Indirect immunofluorescence with both mouse and rabbit anti-P. gingivalis antibodies further confirmed the presence of P. gingivalis in sections of atherosclerotic plaque from patient 1 (Fig. 2). The preservation of the specimens was not of sufficient quality to determine whether these bacteria were contained within human cells within the plaques.

Figure 2.

 Detection of P. gingivalis in carotid atheromatous tissue sections using double immunohistofluorescence and two different antibodies. Images are representative; three separate slides yielded similar results. (a) Primary antibody, mouse anti-P. gingivalis IgG1 monoclonal antibody 61BG1.3; secondary antibody, Alexa Fluor 456-conjugated goat anti-mouse antibody (red). (b) Primary antibody, rabbit anti-P. gingivalis serum; secondary antibody, goat anti-rabbit Alexa Fluor 488-conjugated antibody (green). (c) Colocalization of both stains is represented as overlap of the preceding images. Negative controls (not shown): primary mouse unrelated IgG1 isotype control antibody and primary rabbit antibody (omitted). Scale bar, 10 μm.

Biochemical analysis of the isolates was performed with Advanced Expert System software in conjunction with the vitek 2 test system (BioMérieux Inc.) in the Columbia University Clinical Microbiology Service. Further, 16S rDNA sequencing of an additional 32 amplicons from nonpigmenting isolates from different phenotypes identified them as P. acnes, S. epidermidis and S. infantis. Amplification with universal primers of genomic DNA from six black-pigmenting isolates followed by sequencing and nucleotide database analysis confirmed they were P. gingivalis (see Materials and methods). To assess the genetic relatedness between the recovered P. gingivalis isolates, we used RAPD-PCR analysis [15] (Fig. 3). The analysed P. gingivalis isolates gave identical patterns and displayed on 1% agarose gel a pattern different from that of the W83 strain used in our laboratory, and from the other strains in the tested collection (data not shown). All 20 black-pigmenting isolates from patient 1 were positively identified as P. gingivalis with species-specific 16S rDNA PCR (data not shown).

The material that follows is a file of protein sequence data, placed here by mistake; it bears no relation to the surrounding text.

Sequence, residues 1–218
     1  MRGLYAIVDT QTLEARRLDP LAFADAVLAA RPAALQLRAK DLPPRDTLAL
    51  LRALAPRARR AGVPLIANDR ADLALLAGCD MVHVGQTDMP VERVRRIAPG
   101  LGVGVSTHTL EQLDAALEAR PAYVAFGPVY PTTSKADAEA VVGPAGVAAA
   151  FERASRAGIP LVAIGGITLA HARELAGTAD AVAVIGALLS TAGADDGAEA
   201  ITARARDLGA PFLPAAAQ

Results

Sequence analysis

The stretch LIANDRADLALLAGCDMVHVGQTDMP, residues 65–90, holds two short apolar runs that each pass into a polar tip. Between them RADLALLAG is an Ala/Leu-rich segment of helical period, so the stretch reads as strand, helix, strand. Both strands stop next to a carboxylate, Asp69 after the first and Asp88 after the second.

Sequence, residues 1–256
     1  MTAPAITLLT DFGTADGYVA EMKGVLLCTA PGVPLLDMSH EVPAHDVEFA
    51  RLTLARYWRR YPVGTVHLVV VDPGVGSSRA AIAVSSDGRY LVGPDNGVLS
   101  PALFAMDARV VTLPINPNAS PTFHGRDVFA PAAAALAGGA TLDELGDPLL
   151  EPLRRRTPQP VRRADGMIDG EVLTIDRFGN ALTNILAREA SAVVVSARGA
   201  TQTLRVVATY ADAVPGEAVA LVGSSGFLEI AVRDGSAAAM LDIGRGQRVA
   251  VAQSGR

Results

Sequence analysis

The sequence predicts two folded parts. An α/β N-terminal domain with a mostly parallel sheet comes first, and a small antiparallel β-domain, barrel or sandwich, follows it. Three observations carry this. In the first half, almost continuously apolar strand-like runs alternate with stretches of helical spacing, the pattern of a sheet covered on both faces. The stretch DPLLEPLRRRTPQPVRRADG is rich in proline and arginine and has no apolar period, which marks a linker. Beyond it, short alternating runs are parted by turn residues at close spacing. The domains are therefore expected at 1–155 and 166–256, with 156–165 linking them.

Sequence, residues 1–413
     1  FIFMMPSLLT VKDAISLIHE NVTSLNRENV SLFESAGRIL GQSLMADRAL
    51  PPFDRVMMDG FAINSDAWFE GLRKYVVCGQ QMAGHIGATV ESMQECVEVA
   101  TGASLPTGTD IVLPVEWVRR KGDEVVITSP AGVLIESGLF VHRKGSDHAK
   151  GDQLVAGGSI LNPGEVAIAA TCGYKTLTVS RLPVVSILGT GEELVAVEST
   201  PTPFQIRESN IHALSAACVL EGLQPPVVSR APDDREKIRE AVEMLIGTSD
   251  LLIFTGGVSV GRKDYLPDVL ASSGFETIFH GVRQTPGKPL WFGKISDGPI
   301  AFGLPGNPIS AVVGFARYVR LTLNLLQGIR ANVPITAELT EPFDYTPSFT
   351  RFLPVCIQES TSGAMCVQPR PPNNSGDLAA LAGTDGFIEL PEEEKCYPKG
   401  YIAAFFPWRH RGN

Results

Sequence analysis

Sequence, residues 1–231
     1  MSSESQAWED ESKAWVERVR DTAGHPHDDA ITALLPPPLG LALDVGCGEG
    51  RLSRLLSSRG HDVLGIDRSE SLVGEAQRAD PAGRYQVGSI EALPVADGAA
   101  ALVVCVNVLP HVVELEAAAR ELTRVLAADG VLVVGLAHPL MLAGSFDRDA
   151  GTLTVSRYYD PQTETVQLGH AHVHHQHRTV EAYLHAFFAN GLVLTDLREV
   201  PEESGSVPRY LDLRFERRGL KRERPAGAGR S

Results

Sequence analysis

Figure 3.

 RAPD-PCR profiles of amplification using DNA template from P. gingivalis isolates recovered form atheromatous tissue. Lanes 1 and 2, profile of P. gingivalis clinical isolates CU1 and CU2. Lane 3, control P. gingivalis W83. MW, molecular mass marker with major bands indicated.

Quantitative PCR analysis of total atheromatous tissue DNA of patient 1 demonstrated the presence of at least 3.5 × 103P. gingivalis genomes per gram tissue. We were unable to process for cultivation nondiseased tissue sample controls from patients for ethical reasons. We have, however, analysed arterial tissues from atherosclerotic lesions and normal arteries of nonsurvivors (obtained 24–48 h after death) using 16S rDNA PCR. The metagenomic analysis of the 16S amplicons from atheromatous tissue and matching healthy control from the same patient identified a higher presence of bacterial species in diseased tissues, as compared to healthy controls (15 vs. 7). These data are in line with the reported prevalence of bacterial DNA in diseased tissues compared with healthy control material from 26 individuals [5].